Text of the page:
LEGO City: Undercover arrives in stores today, March 18, 2013, as a small oasis in what has been a vast, gameless dessert for Wii U owners. It is the first Nintendo-published Wii U game to be released since the system’s launch in November of 2012 – a sad state of affairs for which Nintendo President Satoru Iwata explicitly apologized during his January 23rd Nintendo Direct presentation.
Nintendo may have been counting on third-party publishers to bolster Wii U’s anemic games library in early 2013, but no such thing has happened. In fact, an ever increasing number of third-party games are skipping Wii U entirely.
While the truly big releases of 2013 are still ahead of us, not one of the marquee third-party games released so far this year have appeared on Wii U. No Dead Space 3. No Crysis 3. No Tomb Raider. Saints Row 4, revealed just last week with an appropriately over-the-top trailer (more info is due at PAX East), is coming to PC and “current-gen platforms,” but not Wii U. The same is true of Dead Island: Riptide, which like Saints Row 4, is being published by Deep Silver.
Speaking with Digital Spy, Deep Silver creative producer Alexander Toplansky describes why Wii U owners are missing out on Riptide.
“The things that are required to bring something to a new platform, you need to either really get to be integrating it deep into the engine, or you’ve got to [do] a port.”
“Neither one of those was a satisfactory outcome for us, so we decided to do what we got platform-wise and just make sure that we can deliver the best experience we can.”
On the possibility that Riptide might someday, somehow be released for Wii U, Toplansky is hardly enthusiastic.
“It’s not something I would categorically rule out, but it’s not something that’s planned.”
Asked, on the other hand, whether the game might appear on Sony’s recently announced PlayStation 4, Toplansky’s answer is markedly different.
“We would be stupid to not be looking at all of the possibilities that are out there.”
Deep Silver may be among the smaller publishers operating today, but even behemoths like Electronic Arts are treading lightly where Wii U is concerned. Need for Speed Most Wanted launches on Wii U March 19th, and it is currently the only EA game slated for the system all year. Battlefield 4, arguably EA’s most anticipated release of 2013 (and primed for a reveal on March 26th) is expected to launch across current and next-gen platforms, but may not appear on Wii U. According to Wii U Daily, Electronic Arts “blocked” development of the Wii U version, as relations between the two companies are “at an all-time low.”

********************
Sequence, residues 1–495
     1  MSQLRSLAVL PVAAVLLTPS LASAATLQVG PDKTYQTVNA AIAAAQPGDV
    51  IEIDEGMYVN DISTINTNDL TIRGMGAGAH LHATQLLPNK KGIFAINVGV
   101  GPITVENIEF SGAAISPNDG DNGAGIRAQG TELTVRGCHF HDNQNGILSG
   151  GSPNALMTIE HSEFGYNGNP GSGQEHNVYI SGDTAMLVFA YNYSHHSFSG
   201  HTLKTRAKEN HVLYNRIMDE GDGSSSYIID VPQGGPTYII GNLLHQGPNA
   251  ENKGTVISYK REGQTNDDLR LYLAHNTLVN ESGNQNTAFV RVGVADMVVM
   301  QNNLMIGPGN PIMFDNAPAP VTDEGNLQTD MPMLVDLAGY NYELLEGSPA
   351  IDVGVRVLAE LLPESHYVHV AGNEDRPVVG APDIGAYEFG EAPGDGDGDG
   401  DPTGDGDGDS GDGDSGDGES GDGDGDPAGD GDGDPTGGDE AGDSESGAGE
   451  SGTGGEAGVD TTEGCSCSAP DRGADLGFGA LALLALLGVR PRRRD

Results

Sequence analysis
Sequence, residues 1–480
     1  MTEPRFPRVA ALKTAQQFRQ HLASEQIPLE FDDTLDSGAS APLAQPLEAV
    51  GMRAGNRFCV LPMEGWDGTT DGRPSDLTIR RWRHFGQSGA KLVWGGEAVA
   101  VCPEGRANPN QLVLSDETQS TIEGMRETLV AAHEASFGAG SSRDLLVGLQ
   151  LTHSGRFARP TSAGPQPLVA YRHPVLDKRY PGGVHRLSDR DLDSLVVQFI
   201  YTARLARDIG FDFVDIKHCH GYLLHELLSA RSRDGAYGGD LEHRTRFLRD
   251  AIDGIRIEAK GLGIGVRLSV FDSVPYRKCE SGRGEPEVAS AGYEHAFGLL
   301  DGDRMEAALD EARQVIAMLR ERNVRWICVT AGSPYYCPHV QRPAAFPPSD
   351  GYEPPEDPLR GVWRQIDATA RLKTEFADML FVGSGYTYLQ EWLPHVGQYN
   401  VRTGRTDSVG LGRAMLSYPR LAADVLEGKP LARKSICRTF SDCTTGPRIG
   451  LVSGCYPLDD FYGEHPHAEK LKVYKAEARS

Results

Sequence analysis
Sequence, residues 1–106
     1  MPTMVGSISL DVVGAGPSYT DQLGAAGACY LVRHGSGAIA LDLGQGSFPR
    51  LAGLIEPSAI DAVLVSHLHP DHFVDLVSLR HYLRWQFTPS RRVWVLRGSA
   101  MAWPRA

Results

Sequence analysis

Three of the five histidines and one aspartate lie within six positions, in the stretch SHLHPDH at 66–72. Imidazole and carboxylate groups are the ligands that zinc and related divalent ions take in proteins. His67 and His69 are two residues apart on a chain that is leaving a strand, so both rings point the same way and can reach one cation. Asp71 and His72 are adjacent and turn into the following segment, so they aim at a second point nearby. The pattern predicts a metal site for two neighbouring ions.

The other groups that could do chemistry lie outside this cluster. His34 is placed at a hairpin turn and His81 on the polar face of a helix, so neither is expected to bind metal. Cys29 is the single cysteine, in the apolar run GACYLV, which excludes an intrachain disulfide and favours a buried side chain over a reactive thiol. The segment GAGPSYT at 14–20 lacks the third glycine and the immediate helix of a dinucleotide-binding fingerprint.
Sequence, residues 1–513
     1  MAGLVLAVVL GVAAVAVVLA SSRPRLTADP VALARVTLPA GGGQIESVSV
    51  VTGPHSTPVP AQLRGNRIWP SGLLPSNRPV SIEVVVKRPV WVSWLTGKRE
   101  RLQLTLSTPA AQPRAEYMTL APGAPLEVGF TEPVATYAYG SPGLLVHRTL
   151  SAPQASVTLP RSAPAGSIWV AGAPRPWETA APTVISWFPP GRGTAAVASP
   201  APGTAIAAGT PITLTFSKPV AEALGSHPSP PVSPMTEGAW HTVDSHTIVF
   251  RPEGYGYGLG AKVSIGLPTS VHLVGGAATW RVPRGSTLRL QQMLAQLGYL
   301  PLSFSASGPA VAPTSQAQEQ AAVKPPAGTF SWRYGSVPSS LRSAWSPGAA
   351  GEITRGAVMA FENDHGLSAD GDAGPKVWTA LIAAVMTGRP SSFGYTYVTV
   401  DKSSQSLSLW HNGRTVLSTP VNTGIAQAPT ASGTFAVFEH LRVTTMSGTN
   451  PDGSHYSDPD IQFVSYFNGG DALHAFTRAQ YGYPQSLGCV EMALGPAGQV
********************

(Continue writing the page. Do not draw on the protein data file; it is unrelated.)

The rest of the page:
If this proves to be accurate – if EA is, in fact, withholding software support from Wii U – the implications are unquestionably dire. The last home console to be barren of Electronic Arts games was SEGA’s Dreamcast, and we all know how that turned out. Suddenly, Michael Pachter’s year-old prediction about Nintendo (that the company would “Dreamcast itself” with Wii U) seems eerily prescient.
At least in the short term, there is LEGO City: Undercover to keep Wii U owners happy. Unless, of course, they intend to download the game from Nintendo’s eShop, in which case they had better have an extra hard drive handy – as pointed out in the fine print on Nintendo’s official LEGO City: Undercover website. The game is said to require 22GB of free space. That’s obviously way, way too much for the Wii U Basic Set, which has only 3GB available for “data storage and downloads,” and could even be a problem for owners of the Deluxe Set, which sports 25GB of usable storage. Again, this is Nintendo’s first Wii U game in months, and prospective players need an extra hard drive just to buy it from the eShop. Simply ridiculous.
As for the third-party situation, to be fair, a few big titles are on the way: Watch_Dogs, Assassin’s Creed 4, perhaps even Destiny. For that matter, Nintendo consoles have always been primarily about playing first-party, Nintendo-produced games. Regardless, Wii U shouldn’t be struggling this badly just four months after launch. What happens when PS4 and, potentially, Xbox 720 release later this year? Can a smattering of multiplatform releases, along with whatever unannounced projects Nintendo has in development, possibly be enough to keep Wii U in the game? What do you think?
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